For the Bees
Most of us are probably aware of the importance of bees, from pollinating almost everything we eat to the production of honey, beeswax, pollen, royal jelly, and propolis. Bees are so vital and so fascinating, that they’ve been studied and connected to human society for thousands of years.
“All the great thinkers have become beekeepers,” says Erin MacGregor-Forbes, CMBG’s Chief Operating Officer, co-owner of Overland Apiaries, Chairman of the Eastern Apicultural Society (the largest noncommercial beekeeping society in the country), and guru of the Gardens’ apiary.
What is it about bees that’s so fascinating? “Bees aren’t domesticated; they’re livestock, not pets—they swarm, change. You can’t contain them. We’re more caretakers or managers than bosses. Nobody’s the boss of the bees,” Erin says. “They have community spirit and this determination to create a stable, functional home complete with social interactions, sanitation, information and transport systems, division of labor, and peaceful cohabitation.” In other words, no individual bee succeeds unless the whole colony succeeds—cooperation and the collective good come first.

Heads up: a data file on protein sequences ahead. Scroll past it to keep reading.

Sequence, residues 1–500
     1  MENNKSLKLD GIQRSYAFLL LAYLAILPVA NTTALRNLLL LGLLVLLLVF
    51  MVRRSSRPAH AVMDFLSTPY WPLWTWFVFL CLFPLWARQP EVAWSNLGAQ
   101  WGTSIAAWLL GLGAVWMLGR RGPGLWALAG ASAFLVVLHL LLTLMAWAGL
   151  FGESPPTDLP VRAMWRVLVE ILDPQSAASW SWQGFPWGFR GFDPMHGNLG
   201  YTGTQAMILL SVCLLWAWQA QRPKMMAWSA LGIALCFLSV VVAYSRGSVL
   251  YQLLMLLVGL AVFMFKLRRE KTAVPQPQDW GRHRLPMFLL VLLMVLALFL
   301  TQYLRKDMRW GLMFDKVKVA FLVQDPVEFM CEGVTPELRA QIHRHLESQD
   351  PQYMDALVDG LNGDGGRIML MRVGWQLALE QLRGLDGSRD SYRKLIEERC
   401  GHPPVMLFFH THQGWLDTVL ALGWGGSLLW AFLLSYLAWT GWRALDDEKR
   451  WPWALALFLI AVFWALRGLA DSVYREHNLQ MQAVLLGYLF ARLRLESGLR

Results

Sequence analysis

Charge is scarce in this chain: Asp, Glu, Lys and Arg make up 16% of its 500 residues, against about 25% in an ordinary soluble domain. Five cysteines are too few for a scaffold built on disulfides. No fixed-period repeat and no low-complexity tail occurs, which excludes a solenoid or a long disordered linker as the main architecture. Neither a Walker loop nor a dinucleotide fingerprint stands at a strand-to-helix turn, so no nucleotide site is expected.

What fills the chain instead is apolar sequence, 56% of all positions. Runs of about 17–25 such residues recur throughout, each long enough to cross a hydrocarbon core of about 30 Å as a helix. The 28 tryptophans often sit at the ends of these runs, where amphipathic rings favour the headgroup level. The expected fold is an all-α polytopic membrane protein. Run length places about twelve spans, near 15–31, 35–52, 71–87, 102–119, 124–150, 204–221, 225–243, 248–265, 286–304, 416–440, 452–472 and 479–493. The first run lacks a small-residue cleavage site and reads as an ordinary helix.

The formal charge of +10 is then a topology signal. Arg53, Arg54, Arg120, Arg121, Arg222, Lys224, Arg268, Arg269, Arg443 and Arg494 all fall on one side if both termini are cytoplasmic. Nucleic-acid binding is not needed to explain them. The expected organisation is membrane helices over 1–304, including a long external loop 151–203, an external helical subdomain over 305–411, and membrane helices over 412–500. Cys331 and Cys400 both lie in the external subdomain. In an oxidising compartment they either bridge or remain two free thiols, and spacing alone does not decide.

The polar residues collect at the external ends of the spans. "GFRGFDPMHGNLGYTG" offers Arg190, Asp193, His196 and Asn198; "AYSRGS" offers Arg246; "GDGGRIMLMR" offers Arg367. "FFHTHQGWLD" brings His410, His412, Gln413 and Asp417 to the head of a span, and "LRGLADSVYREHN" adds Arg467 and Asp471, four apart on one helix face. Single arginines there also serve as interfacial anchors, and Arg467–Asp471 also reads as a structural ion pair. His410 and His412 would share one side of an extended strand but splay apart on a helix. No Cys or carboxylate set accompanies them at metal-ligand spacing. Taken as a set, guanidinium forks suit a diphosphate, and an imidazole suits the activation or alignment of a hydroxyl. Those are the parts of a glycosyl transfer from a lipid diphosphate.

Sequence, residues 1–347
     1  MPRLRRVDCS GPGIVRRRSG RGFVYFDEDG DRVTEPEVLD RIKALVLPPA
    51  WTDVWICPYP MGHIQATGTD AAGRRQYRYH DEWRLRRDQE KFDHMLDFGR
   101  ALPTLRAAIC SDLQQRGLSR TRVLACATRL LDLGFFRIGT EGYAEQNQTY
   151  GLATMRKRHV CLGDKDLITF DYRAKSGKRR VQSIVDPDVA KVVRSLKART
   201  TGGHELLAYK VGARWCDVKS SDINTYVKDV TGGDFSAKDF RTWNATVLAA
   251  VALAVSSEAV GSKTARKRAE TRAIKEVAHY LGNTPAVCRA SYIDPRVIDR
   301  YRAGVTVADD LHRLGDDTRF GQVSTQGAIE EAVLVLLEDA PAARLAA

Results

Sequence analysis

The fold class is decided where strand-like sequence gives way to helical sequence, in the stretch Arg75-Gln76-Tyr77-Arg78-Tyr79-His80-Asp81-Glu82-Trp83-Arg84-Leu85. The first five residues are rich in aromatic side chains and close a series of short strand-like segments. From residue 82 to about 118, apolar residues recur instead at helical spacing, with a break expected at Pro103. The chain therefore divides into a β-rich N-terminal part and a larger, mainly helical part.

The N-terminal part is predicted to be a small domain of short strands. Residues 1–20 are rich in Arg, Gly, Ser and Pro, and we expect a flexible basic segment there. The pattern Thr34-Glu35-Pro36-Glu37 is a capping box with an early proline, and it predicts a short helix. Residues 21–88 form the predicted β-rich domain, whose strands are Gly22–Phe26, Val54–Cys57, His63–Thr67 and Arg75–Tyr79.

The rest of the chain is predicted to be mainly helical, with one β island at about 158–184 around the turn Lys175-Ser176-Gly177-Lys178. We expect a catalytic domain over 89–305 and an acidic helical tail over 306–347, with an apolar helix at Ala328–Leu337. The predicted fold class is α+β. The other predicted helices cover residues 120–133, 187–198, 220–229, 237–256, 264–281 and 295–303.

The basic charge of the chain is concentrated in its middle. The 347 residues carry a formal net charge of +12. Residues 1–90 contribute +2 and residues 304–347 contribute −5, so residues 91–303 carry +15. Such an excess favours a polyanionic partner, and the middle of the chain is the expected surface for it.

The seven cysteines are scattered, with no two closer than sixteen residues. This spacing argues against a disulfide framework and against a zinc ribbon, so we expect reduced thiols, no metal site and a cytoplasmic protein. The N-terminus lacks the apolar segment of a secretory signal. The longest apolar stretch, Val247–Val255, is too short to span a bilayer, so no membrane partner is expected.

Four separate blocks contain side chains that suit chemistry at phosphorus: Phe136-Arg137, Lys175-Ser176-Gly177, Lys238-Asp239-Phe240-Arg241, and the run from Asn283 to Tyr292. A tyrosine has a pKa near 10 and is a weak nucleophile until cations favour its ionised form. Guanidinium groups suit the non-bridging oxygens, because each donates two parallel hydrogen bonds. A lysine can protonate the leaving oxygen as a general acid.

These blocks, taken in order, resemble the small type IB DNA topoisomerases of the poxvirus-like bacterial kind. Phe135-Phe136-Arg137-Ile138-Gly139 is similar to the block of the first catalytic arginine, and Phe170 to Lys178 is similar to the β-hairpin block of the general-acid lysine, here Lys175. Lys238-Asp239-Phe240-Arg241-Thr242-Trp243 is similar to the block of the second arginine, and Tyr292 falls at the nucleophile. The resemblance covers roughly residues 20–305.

Thanks to Erin’s mad beekeeping skills, CMBG’s apiary boasts nine hives—and they’re incredibly active. “Massive pollination happens here,” Erin says. “The reality in nature is that honeybees make the plants perform better,” she explains. “Imagine a fruit tree where there are no native pollinators. The tree atrophies and doesn’t flower well. Fruiting makes hormones that stimulate flowering. If you start pollinating an older tree, the next year it actually produces more fruit. It’s a feedback loop, a regenerative system—more flowers, more fruit, more seed.”
Has all of this got you curious about bees? You can always learn more at CMBG, from observing bee behavior in one of our many gardens to discovering bee-centric books and products in the Gardenshop.
“Bees make a difference in awareness,” Erin concludes. “People get curious about them and, really, they’ve changed the way we see community. The bees have affected the people of the Gardens as much as they’ve affected the plants.”